by MK Martin
Have you been good? Hide all your birch switches, and say something kind to everyone you see today. In many parts of Europe, St. Nicholas Day is celebrated December 6th. On the night before, the horned devil Krampus roams the streets, seeking out the homes of naughty children. Mostly, he just swats at them, but some stories suggest very naughty children will be eaten! With that in mind, here are two sweet Icelandic recipes to try. Maybe if you leave him a little shortcake, he’ll walk on by.
(makes about 2 dozen)
These are pretty, and they smell great.
The recipe calls for a cookie press, which is a tube gun you attach a metal thing to at the end. If you don’t want to use one, you can roll little balls and flatten on the cookie sheet, or try to loosely shape the wreaths yourself, but the dough gets a bit hard to handle! I found a free form photo above ^^
200 g flour
200 g dessicated coconut
150 g sugar
200 g butter, softened
Mix the flour, coconut and sugar. A whisk works well here.
Fold in the egg and butter, and mix until it just comes together. I know, it’s counter intuitive to most cookie directions, but it will come together.
Run the dough through the cookie press, fitted with a simple attachment, and run it through in lengths of about 6 cm, which you then shape into a wreath right on the baking sheet.
Bake at 350, for 8 minutes (but you know my rule, check after 7), until light and golden.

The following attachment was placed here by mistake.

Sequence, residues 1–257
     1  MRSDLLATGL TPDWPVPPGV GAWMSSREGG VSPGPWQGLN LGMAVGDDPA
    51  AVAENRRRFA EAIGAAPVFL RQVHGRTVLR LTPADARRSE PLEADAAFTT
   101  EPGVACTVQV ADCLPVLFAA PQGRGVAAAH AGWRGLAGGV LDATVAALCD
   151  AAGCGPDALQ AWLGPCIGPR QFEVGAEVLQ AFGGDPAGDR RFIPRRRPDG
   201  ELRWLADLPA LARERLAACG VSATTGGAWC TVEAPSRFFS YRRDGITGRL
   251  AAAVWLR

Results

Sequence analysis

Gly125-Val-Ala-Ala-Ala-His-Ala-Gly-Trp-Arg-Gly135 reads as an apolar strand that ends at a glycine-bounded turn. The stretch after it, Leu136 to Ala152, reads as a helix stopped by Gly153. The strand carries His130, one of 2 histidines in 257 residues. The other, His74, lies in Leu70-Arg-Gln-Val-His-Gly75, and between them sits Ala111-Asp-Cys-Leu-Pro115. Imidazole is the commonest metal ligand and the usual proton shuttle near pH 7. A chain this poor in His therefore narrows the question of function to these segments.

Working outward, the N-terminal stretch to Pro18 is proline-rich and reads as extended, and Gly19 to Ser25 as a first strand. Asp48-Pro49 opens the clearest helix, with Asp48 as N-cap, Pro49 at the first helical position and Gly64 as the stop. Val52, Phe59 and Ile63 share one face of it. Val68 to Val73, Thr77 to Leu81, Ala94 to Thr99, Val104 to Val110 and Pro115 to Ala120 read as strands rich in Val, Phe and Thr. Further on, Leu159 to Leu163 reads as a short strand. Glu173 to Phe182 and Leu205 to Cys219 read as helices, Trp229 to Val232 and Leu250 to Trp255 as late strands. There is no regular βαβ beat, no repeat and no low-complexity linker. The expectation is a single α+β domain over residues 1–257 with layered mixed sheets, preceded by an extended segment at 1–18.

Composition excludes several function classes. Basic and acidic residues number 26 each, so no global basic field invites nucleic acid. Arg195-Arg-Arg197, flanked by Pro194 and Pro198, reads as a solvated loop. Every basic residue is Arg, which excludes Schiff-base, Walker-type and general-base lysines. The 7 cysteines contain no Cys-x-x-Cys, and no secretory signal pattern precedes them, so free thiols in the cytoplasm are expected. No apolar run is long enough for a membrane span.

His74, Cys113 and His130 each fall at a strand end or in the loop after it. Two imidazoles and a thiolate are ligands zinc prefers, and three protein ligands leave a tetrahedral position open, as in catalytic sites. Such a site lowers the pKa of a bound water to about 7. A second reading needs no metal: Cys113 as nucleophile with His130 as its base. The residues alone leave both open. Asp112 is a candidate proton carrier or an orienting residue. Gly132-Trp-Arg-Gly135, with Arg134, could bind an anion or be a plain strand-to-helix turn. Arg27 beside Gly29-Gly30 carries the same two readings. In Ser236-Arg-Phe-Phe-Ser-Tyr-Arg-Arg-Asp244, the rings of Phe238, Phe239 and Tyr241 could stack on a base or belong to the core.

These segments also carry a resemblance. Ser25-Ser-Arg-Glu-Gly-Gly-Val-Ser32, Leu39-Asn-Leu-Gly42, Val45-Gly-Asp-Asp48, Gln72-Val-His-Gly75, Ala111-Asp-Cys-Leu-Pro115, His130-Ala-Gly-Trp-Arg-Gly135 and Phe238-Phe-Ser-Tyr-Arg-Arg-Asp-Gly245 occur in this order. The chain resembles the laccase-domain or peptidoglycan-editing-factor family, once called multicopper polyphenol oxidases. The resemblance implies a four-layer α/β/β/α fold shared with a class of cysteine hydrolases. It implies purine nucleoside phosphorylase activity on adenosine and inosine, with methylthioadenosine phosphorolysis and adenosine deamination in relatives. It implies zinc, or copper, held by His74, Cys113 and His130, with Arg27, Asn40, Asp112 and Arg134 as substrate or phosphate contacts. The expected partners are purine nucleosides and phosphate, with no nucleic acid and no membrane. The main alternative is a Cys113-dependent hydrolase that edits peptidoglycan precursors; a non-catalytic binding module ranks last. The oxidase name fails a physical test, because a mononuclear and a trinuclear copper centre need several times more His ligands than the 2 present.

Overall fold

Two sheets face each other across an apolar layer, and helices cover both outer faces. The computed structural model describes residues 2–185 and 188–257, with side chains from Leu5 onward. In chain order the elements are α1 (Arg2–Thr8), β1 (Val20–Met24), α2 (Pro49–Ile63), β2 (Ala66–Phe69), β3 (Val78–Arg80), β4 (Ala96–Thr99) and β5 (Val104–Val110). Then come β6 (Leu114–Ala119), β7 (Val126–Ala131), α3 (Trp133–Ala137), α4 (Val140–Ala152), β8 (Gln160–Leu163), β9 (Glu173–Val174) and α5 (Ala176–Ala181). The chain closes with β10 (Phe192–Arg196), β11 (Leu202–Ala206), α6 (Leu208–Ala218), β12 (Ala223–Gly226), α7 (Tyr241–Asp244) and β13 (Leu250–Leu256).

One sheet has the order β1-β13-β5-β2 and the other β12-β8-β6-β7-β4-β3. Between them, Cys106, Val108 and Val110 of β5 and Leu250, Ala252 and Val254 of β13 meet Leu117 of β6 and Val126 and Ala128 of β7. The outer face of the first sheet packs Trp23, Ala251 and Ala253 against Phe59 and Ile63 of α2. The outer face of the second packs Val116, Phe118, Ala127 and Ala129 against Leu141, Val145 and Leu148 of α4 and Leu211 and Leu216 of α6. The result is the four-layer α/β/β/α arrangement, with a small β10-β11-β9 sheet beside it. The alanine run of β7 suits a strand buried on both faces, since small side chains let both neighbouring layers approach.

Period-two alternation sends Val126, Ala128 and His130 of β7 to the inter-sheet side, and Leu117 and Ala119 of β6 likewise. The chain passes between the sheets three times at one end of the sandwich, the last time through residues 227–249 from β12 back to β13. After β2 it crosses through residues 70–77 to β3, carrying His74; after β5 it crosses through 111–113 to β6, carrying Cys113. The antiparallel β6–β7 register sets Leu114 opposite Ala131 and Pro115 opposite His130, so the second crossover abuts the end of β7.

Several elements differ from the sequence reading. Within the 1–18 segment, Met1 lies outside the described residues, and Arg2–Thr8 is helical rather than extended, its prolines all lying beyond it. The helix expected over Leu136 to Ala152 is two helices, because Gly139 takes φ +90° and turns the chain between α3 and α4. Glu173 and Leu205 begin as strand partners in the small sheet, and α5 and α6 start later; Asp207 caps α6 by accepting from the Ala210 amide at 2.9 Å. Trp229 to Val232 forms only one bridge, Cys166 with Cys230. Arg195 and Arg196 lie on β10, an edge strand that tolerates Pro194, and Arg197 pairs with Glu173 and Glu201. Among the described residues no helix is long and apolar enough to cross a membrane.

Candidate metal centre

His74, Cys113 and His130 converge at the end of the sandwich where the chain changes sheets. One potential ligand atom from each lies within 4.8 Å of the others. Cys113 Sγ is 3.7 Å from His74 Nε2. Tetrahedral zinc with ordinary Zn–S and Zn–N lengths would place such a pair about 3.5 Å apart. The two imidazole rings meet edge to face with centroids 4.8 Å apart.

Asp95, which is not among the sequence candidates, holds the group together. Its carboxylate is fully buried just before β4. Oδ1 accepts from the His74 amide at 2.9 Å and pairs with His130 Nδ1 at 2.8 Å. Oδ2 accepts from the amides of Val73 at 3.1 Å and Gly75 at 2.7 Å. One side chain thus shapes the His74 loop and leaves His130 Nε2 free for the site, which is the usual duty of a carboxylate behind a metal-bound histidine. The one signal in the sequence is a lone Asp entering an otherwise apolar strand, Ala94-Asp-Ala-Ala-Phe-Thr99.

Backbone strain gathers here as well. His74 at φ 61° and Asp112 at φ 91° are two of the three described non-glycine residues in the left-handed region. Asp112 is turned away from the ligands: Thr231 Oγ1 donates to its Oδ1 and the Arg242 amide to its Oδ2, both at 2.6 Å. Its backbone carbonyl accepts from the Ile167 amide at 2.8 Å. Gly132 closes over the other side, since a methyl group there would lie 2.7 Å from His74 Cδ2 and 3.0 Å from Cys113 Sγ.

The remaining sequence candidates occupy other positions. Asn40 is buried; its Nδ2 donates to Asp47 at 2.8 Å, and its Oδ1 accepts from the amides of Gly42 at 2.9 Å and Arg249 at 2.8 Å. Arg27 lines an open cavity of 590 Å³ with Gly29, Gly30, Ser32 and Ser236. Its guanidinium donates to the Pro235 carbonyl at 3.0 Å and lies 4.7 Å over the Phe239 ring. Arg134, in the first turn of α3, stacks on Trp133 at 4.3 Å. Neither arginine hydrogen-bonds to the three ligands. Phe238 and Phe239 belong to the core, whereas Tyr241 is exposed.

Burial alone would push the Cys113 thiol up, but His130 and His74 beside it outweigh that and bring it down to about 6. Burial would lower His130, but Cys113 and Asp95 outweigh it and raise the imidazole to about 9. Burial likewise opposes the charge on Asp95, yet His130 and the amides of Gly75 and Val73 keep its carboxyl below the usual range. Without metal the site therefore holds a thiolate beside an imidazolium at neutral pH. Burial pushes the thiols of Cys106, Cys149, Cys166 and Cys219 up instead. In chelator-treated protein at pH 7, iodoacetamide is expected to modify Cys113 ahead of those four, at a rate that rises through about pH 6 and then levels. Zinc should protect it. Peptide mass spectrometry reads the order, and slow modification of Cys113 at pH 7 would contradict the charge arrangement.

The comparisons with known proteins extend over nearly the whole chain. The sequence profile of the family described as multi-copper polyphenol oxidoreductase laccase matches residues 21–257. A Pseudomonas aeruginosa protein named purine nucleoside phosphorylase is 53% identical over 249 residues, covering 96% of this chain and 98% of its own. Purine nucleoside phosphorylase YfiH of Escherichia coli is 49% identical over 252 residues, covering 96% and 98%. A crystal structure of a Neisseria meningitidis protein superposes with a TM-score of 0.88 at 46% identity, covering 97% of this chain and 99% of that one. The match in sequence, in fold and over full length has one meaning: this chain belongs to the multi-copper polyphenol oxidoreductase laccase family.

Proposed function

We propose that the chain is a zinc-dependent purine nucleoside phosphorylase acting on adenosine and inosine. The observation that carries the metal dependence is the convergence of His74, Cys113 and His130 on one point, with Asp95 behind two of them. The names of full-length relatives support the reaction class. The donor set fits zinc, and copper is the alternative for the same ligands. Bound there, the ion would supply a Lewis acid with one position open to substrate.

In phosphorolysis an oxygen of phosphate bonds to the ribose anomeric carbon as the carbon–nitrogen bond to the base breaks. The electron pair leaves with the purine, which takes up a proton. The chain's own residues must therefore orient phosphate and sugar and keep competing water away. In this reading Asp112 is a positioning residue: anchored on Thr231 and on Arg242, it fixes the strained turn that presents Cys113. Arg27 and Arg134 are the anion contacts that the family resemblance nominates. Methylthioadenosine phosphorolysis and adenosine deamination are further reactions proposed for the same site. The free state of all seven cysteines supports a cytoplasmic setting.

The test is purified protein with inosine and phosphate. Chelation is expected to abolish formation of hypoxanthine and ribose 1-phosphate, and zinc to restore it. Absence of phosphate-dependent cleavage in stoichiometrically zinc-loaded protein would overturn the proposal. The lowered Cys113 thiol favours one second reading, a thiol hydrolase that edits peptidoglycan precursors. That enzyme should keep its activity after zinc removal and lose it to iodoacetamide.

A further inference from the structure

Icelandic Spice Cake
Here is a cake full of the flavor of the holidays, without the weight and prep time of a fruit cake. The warming spices are anti inflammatory, and anti bacterial, even if they’re being mixed with sugar. A little dark cocoa ups the ‘health’ factor.This is also a cake you mix by hand, but you might be able to get away with a stand mixer on lowest setting. (makes enough cake for two layers, but is often cut into 4. You can do a sheet pan as well.)
500 g flour
350 g sugar
250 g butter
3 tsp ground cloves
3 tsp cinnamon
2 tsp baking soda
2 tbs dark cocoa
milk, as needed
*What does ‘as needed’ mean? For many European cake recipes, a kneaded dough is used, rather than a batter. This is batter style, but the recipe still calls for a ‘medium thick’ batter, such as a muffin might have. I pour out a 1/2 cup of milk and use that, usually all of it. *
Cream together sugar and butter. Mix in the eggs, one at a time, until incorporated.
Sift, or whisk, your dry ingredients together. Add to the butter mixture a few TBSP at a time, mix, then a splash of milk. This is why this part is better done by hand, as it will go faster than it sounds and not be overmixed.
Pour into greased 8 in cake tins, and bake at 350 for 40 minutes, give or take, depending on your oven. My bake time always varies, thanks to spotty heat.
Serve frosted with layers of buttercream, or our favorite: for breakfast with a little fresh whipped cream.